• Heel slides: Sit on the edge of a chair with your feet flat on the floor and a small towel rolled up under the affected hip. Slowly slide your heel forward until you feel a stretch in your hips and buttocks. Hold for 30 seconds and then slide your heel back to the starting position. Repeat 10 times.
  • Leg lifts: Lie on your back on the floor with a small towel rolled up under the affected hip. Slowly lift your leg straight up in the air, keeping your knee straight. Hold for 30 seconds and then lower your leg back to the starting position. Repeat 10 times.
  • Mini squats: Stand with your feet shoulder-width apart and your hands on your hips. Slowly lower your body into a squatting position, keeping your knees behind your toes. Hold for 30 seconds and then stand back up. Repeat 10 times.
  • Wall sits: Lean your back against a wall with your feet shoulder-width apart and about two feet in front of you. Slowly slide your body down the wall until your thighs are parallel to the floor. Hold for 30 seconds and then slide back up the wall to the starting position. Repeat 10 times.
  • Hip abduction: Lie on your side on the floor with a small towel rolled up under your top hip. Keeping your bottom leg straight, slowly lift your top leg up in the air as high as you can. Hold for 30 seconds and then lower your leg back to the starting position. Repeat 10 times and then switch sides and repeat with the other leg.

If you have hip pain, these exercises may help reduce your symptoms and improve your mobility. Consult a doctor before beginning any new exercise program.

Final Word

Living with hip pain can be difficult, but there are many things you can do at home to ease discomfort and improve your quality of life.

Be sure to consult with a doctor or physical therapist before starting any new treatments, as they will be able to advise you on which exercises and stretches are best for your particular situation. With a little care and patience, you’ll soon be on your way to feeling better!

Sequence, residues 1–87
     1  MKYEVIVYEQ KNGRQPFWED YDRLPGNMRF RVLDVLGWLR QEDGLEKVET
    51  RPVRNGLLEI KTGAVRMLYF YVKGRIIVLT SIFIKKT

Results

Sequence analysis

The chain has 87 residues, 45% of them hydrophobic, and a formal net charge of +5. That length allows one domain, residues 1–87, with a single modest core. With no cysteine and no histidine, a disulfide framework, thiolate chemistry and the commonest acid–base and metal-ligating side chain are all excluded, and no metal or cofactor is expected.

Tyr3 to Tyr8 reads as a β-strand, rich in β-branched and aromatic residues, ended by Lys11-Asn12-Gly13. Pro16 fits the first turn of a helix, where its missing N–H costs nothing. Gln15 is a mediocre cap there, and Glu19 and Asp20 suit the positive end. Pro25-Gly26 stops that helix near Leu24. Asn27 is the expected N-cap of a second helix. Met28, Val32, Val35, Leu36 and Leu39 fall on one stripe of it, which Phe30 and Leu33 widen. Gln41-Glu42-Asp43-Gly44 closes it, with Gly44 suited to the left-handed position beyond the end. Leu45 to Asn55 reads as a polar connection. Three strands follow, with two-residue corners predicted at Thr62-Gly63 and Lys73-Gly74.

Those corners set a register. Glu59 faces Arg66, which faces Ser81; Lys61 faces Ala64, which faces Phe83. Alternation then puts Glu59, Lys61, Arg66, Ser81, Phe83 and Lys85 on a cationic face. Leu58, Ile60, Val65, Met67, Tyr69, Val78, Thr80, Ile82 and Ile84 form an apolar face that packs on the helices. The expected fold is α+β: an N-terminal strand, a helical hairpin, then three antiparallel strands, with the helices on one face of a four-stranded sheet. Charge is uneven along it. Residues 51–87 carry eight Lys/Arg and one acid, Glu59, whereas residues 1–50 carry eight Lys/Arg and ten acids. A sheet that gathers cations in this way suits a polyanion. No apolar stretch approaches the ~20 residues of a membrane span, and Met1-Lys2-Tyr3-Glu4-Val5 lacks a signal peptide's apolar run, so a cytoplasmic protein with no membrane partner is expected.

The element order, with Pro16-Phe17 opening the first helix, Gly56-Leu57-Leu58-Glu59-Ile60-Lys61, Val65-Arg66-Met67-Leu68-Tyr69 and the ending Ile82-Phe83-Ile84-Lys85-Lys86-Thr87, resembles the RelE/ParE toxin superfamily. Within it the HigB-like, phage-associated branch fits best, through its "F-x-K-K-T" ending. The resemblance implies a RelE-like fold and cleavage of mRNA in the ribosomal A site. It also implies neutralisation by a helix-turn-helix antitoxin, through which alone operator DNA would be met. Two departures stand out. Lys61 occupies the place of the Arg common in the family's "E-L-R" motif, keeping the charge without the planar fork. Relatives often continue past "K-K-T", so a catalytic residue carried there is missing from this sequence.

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Editor
Editor
1 year ago

One of our readers comments: Thought perhaps your ex-military readers should know that they perhaps have a shorter route to knee and hip replacements. As long as they have served, and have a military number, no matter how long, including national service, they can apply to “The Robert Jones and Agnus Hunt Orthopaedic Hospital”, at Oswestry, Shropshire for an operation. Firstly, they must have a letter of recommendation from their own Doctor, and they can apply from anywhere in the country. If they are not fit to travel on public transport alternative arrangements can be made. I live in Devon… Read more »

Hannan Ahmad
Hannan Ahmad
8 months ago

The intricacies of hip pain, especially in seniors, elucidate the complexities associated with ball-and-socket joints and their wear and tear. Highlighting causes like arthritis, bursitis, and tendinitis provides clarity and underscores the importance of home remedies and exercises. It’s commendable how the piece accentuates a proactive approach towards joint health. Combining knowledge about joint anatomy, pain origins, and pragmatic treatments offers a valuable guide for those navigating hip discomfort. While always suggesting medical consultation when necessary, the focus on home-based interventions aligns well with the chiropractic ethos of empowering individuals in their healing journeys.